First of all, let me thank you for your wonderful and helpful website.
I am just getting my feet wet in the freelance writing pond and blogs like yours have been a lifesaver.
I do, however, have a query-related question: specifically, about how to query for Craigslist postings with little/no information.
I realize that the regular method of sending a query or applying for a job is to research the company, find out who the editor is, and tailor your application to pinpoint exactly what the client wants.
In many cases, however, I find that Craigslist posts give so little information that it’s nearly impossible to do this. They will not give a company name, a “real” email address or anything to help with a google search, so you can’t do any research, and their requirements will be extremely vague.
For example, I’m trying to apply to one job that just says, “We need someone with blogging experience to run our company blog. Please submit your portfolio and your compensation requirements.”
Do you have any tips for how to write a query letter under these sorts of circumstances? Obviously following directions is one thing, but is there a way to help my query stand out even if I have no information to go off of?
Michelle Clough (in comments) – http://michelleclough.wordpress.com
Thanks for the compliments; I’m truly grateful you find the site helpful.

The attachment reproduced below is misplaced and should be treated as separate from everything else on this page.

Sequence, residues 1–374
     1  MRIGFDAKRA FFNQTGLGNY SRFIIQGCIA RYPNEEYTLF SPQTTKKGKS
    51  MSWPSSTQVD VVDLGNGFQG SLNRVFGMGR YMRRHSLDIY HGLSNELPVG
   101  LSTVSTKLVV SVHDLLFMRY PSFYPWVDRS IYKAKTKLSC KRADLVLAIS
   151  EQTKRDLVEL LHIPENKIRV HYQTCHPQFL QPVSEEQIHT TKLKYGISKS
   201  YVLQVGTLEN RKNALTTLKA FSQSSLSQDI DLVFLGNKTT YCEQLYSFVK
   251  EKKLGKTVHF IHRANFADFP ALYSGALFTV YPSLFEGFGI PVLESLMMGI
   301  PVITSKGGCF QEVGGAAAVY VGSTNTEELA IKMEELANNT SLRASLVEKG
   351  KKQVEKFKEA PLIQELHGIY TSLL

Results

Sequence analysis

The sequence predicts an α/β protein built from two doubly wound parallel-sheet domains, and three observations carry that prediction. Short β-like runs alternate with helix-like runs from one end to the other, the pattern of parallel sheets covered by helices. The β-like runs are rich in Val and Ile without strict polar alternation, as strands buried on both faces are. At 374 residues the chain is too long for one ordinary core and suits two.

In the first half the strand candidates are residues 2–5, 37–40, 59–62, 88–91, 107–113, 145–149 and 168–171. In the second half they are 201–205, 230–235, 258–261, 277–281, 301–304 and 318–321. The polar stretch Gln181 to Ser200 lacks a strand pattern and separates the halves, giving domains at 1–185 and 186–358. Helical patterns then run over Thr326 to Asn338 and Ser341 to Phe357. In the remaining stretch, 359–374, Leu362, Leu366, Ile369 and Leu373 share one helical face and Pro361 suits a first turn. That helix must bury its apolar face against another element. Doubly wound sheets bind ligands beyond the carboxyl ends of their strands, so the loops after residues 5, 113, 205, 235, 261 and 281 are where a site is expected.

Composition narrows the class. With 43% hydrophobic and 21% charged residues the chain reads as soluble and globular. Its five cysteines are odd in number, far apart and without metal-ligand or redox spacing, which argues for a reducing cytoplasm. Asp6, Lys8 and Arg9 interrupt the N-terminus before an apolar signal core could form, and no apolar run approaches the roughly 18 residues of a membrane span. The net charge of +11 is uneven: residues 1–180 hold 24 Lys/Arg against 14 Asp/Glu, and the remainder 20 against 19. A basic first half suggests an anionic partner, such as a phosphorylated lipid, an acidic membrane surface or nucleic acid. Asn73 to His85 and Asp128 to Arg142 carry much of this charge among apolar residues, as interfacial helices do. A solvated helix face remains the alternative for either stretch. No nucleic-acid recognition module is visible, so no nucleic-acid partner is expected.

You’re right, ads for writers etc. on Craigslist rarely give you any information. It’s impossible to really target your response. Look at it this way:
Responding to a Craigslist ad is really an attempt to start a conversation with the prospective employer. If you get that conversation started you can then get specific.
To the ad you quote I’d probably email something like this:
Hi – I might be your company blogger. I’ve been blogging successfully for 3 years, for myself and for others, including two companies. Details on my resume at www.annewayman.com/resume. Price will depend on length and frequency of posts and how I get the information needed to do dynamite posts for you.
I’m available to talk on the phone most mornings between 9 and 11 Pacific time – other times also available – let me know what works for you.
Thanks for your interest
I’ve also learned over time that I’m lucky if I get one response out of a dozen or more pitches I send, but if someone does respond I probably get hired by about half of them. And, I have landed a few well-paying gigs when I respond this way.
It’s kind of funny when they call because I have to ask them which job they’re talking about. Generic job posts get generic responses.
I do it this way because it’s quick. If there is a web address or an email that lets me know what the web address is, I’ll take a look and may shape my response based on that. But if there is no way to figure out who they are I respond along the lines above and don’t worry about it.
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Write well and often,
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